Last week’s big news in the pharmaceutical industry was the official patent expiration of Pfizer’s (PFE) block buster drug Lipitor. While this came as no surprise, an important sidebar article was published earlier this year through Reuters that touched on an issue that will have far reaching consequences for Big Pharma and by extension the smaller biotech industry. Pfizer has announced that it is lowering its 2012 research and development spending budget by as much as 24%. That is up to $2 Billion less in spending and it ushers in an era where big is not necessarily better in terms of filling the pipeline with new compounds that may eventually become successful growth engines for the company. Other industry standard bearers such as Astra Zeneca (AZN) and Glaxo Smith Kline (GSK) have also made similar announcements and the reception on Wall Street has generally been positive. Only Merck (MRK) was willing to buck the trend with an announcement that it would refuse to lower R & D spending while summarily withdrawing its long term profit forecast. The market response: a quick down draft in the share price.
It seems that mega block buster drugs have become more elusive and throwing more money at R & D departments has been met with diminishing returns over the past decade. As Pfizer’s President of Research and Development Mikael Dolsten was quoted, "I'm not convinced that more is necessarily better." Other market participants have validated this notion of doing more with less, as was revealed in a recent Forbes article whose title says it all, “Fear, Apathy, And Bureaucracy: Why We Won't Have Another Lipitor.” Big Pharma’s size precludes it from becoming what it once was: scrappy, nimble, less risk averse and quite frankly, less bureaucratic. New discoveries that eventually coalesce to create new compounds require the aforementioned attributes on the part of development teams. This is where things start to get interesting. It seems the creative front of the drug discovery business is being shifted to laser focused and nimble teams at the smaller biotech firms that have the will, flexibility- and sometimes the capital- to create new drugs. Big Pharma knows it truly cannot easily create something with less, so it is choosing to shift more would be R & D dollars to smaller biotech firms. If you think about it, if Pfizer has $2 billion less to spend on traditional discovery methods, it can easily engage in promising tie-ups and joint ventures with its more creative counterparts in biotech.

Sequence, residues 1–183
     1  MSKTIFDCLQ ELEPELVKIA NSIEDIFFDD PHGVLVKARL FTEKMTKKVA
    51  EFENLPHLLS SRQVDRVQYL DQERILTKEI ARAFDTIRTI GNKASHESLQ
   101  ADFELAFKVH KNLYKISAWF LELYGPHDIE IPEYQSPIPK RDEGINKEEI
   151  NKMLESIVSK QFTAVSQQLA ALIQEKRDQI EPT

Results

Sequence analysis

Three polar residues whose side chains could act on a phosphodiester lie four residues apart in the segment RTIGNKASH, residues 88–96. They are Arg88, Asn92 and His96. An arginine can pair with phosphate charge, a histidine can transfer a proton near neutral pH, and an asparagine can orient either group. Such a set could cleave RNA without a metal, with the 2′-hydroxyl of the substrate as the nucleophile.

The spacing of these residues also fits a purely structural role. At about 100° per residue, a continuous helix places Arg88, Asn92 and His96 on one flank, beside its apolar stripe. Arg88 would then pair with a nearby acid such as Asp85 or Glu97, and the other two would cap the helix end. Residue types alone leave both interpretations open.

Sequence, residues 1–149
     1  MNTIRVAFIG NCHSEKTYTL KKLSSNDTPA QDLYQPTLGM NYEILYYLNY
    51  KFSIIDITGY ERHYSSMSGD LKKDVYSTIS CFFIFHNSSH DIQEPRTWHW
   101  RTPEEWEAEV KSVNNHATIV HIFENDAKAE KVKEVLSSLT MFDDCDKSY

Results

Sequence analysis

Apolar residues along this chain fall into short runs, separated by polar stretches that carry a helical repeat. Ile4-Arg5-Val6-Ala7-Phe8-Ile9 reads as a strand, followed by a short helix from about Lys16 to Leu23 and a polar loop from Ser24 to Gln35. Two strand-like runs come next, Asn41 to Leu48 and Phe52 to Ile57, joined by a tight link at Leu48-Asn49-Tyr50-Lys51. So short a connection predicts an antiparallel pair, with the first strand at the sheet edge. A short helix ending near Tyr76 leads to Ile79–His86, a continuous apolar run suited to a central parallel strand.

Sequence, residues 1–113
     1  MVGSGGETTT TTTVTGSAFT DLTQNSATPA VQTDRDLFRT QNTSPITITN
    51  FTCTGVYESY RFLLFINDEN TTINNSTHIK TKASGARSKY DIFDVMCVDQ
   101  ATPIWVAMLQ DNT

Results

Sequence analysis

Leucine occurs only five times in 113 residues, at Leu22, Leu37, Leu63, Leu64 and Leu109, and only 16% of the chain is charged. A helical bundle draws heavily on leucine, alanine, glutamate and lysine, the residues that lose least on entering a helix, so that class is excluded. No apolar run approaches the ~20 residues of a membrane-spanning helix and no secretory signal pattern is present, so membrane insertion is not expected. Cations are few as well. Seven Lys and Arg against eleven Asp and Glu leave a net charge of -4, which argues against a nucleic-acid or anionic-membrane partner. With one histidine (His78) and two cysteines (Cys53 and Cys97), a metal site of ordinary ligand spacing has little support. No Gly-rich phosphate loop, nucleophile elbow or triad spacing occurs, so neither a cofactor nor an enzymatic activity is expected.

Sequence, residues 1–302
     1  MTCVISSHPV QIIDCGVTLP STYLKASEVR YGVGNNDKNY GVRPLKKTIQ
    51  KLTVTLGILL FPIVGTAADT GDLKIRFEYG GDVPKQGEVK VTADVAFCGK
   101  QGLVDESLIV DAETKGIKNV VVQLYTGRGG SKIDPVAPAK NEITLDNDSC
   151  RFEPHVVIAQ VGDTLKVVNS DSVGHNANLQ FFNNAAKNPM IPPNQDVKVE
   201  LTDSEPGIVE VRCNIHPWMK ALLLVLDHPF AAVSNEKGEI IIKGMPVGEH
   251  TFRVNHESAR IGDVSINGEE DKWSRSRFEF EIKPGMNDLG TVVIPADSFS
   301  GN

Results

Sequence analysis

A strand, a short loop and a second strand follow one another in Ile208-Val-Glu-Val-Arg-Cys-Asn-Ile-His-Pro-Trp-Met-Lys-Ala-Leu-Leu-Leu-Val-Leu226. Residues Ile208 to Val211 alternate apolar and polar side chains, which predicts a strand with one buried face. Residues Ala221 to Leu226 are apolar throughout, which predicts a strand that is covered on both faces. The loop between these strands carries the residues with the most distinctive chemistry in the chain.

For those tie-ups that are met with initial success, a company like Pfizer can then either acquire the company or engage in benchmark agreements that enable it to do what it does best: groom the new drug for commercialization and ultimately distribution. It is a symbiotic relationship that serves both masters- the biotech’s get funding with prospects for a possible liquidity event (as would occur with a sale for example) and the lumbering pharmaceuticals with their well-oiled commercialization processes can bring the product to the markets. This is the best chance for getting promising drugs in the hands of the medical community where they can ultimately benefit consumers.
I think most of us would like to see major breakthroughs in combating heart disease, cancer and other nefarious maladies that afflict us. As the dearth of new discoveries by Big Pharma in the past decade has shown us, it is the entrepreneurial biotech companies that may have a better chance for success in the development of promising new drugs. The following maxim can be applied to most any industry- the innovation occurs in the hands of the nimble and those willing to take risks. It is no accident that Facebook was not the creation of Microsoft, IBM or Time Warner. The same goes with biotech- some of the most promising compounds will be created from focused development teams however, unlike the social media or internet industry, they will also require more upfront investment and the willing support of larger partners- hence the tie-ups with Big Pharma.
Follow the Money: Biotech Tie-ups with Big Pharma
|Biotech Company||Domicile||Market Cap||Partnerships|
|Amira Pharmaceuticals (Private)||San Diego, CA||(Private)||Glaxo Smith Kline (GSK)|
|Isis Pharmaceuticals (ISIS)||Carlsbad, CA||$711 Million||Glaxo Smith Kline, Genzyme Corporation (GENZ)|